Authors: Jeffrey Walker, Ray Chambers
Summer is winding down. Store shelves are stocked with notebooks and pencils instead of sunscreen and beach balls. And for most kids, the essential back-to-school purchase is the almighty backpack. If you’re going to carry books and lunch to school, you’d better have something durable — and fashionable! — strapped on your shoulders.
You may be surprised to learn that a bunch of smart people working in global health have also been thinking about backpacks. But they’ve been thinking about a different kind of backpack: bags and packs carried day in and day out by thousands of community health workers (CHWs) in developing countries, providing millions of children and families with basic health needs.
Health Care Workers Who Go The Extra Mile
In many parts of the developing world, access to health care can mean a twelve-hour walk to the closest facility. There are no back-to-school physicals, no infant check-ups, no skilled attendants at births. This is why governments and organizations are increasingly focused on how they can make health care accessible by supporting the training, supervision and support of community health workers who can deliver basic health care needs to those living far from traditional facilities. What is the identifiable trait for these heroes and heroines? It is a bag or backpack filled with life-saving medicines, diagnostics, and equipment to carry as they move from house to house.
It is estimated that 6.9 million children under the age of five will die this year from entirely preventable causes. These deaths are especially tragic because basic life-saving interventions such as antibiotics, oral rehydration salts, immunizations, and insecticide-treated mosquito nets are affordable ways to prevent or treat the most common causes of child death: pneumonia, diarrhea and malaria. When some of these interventions are put into a bag strapped on the back of a trained and supervised community health worker, we’ve seen a decrease in child mortalities of over 25 percent.
Here’s a great example: In Bangladesh, 50,000 children die every year from diarrhea. We know that simple oral rehydration salts can reduce mortality up to 93 percent, but only if they get into the hands of those who need them. Thanks to a recent community health worker program in Bangladesh, ORS coverage has reached 81 percent, saving the lives of thousands of children.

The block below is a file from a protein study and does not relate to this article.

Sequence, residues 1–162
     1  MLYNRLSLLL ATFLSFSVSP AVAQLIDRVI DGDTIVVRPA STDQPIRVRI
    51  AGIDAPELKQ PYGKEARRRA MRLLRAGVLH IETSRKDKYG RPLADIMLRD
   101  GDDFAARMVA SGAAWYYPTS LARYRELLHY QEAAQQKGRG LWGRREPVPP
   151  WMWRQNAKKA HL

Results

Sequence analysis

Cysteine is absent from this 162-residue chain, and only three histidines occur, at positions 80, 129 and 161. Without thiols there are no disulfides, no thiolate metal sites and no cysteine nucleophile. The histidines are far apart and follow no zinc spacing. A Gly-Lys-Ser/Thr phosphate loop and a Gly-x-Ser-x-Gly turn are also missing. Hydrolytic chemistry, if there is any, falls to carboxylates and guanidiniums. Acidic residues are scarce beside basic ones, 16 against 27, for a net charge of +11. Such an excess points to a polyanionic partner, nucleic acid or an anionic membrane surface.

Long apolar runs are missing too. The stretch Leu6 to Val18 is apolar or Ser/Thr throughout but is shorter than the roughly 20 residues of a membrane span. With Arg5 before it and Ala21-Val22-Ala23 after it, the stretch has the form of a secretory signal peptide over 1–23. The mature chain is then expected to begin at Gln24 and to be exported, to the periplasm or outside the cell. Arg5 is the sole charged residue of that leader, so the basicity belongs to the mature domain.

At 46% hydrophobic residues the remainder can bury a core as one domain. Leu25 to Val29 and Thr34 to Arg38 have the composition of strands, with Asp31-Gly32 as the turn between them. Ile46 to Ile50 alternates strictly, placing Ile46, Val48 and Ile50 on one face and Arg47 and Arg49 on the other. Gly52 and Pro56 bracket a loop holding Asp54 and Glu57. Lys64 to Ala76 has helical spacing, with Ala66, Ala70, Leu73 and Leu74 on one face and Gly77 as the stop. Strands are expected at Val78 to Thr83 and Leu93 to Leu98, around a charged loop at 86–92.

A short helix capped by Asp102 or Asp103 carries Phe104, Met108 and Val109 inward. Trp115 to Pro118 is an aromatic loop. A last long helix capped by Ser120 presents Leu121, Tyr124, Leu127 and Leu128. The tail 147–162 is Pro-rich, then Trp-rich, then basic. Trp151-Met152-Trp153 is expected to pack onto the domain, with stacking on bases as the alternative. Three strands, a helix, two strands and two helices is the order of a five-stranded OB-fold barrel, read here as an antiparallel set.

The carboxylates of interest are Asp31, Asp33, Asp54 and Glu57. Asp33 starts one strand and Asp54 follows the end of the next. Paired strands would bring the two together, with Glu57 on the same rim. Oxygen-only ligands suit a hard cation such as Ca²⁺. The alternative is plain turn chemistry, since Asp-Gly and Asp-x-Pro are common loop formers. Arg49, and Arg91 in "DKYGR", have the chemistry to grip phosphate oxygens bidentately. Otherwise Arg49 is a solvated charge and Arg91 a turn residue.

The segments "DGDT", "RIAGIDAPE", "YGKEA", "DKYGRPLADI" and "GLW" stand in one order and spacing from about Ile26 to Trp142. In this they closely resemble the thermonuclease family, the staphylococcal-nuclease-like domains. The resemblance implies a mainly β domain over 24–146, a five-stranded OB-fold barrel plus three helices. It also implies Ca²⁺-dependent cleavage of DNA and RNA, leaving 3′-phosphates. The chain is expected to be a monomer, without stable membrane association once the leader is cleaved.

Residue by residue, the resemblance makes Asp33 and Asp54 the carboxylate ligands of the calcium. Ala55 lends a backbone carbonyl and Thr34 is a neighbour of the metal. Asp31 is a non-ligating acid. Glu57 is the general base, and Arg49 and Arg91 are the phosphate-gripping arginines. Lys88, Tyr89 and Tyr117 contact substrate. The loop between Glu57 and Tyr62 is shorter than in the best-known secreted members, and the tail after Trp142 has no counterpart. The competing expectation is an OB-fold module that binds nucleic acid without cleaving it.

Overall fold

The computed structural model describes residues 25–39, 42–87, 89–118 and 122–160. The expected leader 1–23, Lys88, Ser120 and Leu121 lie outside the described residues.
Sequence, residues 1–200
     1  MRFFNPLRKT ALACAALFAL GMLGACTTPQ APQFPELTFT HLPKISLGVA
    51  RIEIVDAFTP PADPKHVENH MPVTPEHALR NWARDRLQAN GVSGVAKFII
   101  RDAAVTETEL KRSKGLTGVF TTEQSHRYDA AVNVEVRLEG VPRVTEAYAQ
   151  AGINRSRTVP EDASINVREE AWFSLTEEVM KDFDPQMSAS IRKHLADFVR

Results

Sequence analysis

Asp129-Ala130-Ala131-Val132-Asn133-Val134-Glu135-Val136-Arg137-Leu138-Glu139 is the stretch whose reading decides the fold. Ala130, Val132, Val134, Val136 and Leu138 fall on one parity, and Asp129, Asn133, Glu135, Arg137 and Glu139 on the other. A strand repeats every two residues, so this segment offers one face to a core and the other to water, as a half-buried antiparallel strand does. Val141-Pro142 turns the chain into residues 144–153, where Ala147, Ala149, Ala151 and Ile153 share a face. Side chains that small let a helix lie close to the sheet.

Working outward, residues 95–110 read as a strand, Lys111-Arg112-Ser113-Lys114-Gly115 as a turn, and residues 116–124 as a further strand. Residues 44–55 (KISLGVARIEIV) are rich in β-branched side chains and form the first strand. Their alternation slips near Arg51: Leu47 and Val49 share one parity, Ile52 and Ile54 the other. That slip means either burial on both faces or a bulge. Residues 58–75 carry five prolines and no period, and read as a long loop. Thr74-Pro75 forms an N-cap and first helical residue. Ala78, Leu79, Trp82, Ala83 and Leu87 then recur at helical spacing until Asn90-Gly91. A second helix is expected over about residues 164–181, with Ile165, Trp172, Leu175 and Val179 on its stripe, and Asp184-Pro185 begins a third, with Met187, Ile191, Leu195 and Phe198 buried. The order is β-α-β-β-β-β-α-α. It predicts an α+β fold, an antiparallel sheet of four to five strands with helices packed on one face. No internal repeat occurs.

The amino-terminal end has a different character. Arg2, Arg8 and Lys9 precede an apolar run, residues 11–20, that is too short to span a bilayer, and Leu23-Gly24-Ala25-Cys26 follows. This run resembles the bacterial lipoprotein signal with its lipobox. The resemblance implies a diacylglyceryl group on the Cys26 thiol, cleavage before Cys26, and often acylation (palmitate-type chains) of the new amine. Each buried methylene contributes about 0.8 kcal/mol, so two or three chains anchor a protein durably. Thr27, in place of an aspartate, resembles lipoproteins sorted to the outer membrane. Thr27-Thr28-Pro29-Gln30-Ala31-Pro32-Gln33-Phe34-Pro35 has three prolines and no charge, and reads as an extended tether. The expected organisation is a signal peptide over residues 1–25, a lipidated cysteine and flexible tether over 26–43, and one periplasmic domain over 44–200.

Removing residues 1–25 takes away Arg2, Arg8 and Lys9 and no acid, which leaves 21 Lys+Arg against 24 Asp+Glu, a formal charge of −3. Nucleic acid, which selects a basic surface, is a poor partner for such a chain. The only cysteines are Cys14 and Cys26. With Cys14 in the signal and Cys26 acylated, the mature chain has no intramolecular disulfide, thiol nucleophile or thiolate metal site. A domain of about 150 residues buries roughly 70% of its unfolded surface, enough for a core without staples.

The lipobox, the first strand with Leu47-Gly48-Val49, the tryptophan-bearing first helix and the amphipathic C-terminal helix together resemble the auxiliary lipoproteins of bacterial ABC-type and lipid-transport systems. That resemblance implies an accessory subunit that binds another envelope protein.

A Backpack To Help Health Workers Do More
Understanding the critical importance of community health workers, our team at the MDG Health Alliance — in partnership with UNICEF, Save the Children, USAID, the One Million Community Health Workers campaign, frog design, PSI, and many others — is working to develop the “BackPack PLUS”, a toolkit of frameworks and physical tools that can be used to support community health worker programs. As we deploy and track this model, we look forward to reporting on the lives touched — and saved — as a result of the backpacks and, more importantly, the people carrying them. (To find out more about the project, download a presentation, and find out how to support this work, visit the BP+ page on tumblr and UNICEF stories.)
One community health worker who could someday be empowered by the Backpack PLUS model is Rekha Bangarwa, a CHW in India, who has become an inspiration for her community. Despite initial disapproval from her family about taking a role outside the home, she volunteered to become a community health worker and has become a trusted and valuable source of advice and treatment. You can read more about Rekha on the REAL Awards website, which honors frontline health workers and the impact they have on communities around the globe.
So much more needs to be done to fully capture the full potential of community health workers — they often lack supplies, require more training, need better integration into the rest of the health system, and would benefit from better incentives for doing their hard work. But we know that when all of this is done correctly, it works. CHWs are critical contributors in our final push to meet the Millennium Development Goals. The One Million Community Health Worker Campaign estimates that if interventions that integrate CHWs are expanded to maximum coverage, up to two million deaths per year could be averted in Sub-Saharan Africa.
For millions of parents and children in the developing world, the glimpse of a backpack on a health worker is a sign of security, of hope, and the promise of a healthier child. Something we might all take for granted as we send our own children off to school. So this fall, when you are packing, unpacking, and packing again the books, binders, and bagels from your little one’s backpack, think about filling a backpack that will save lives.
Resource Type: Case studies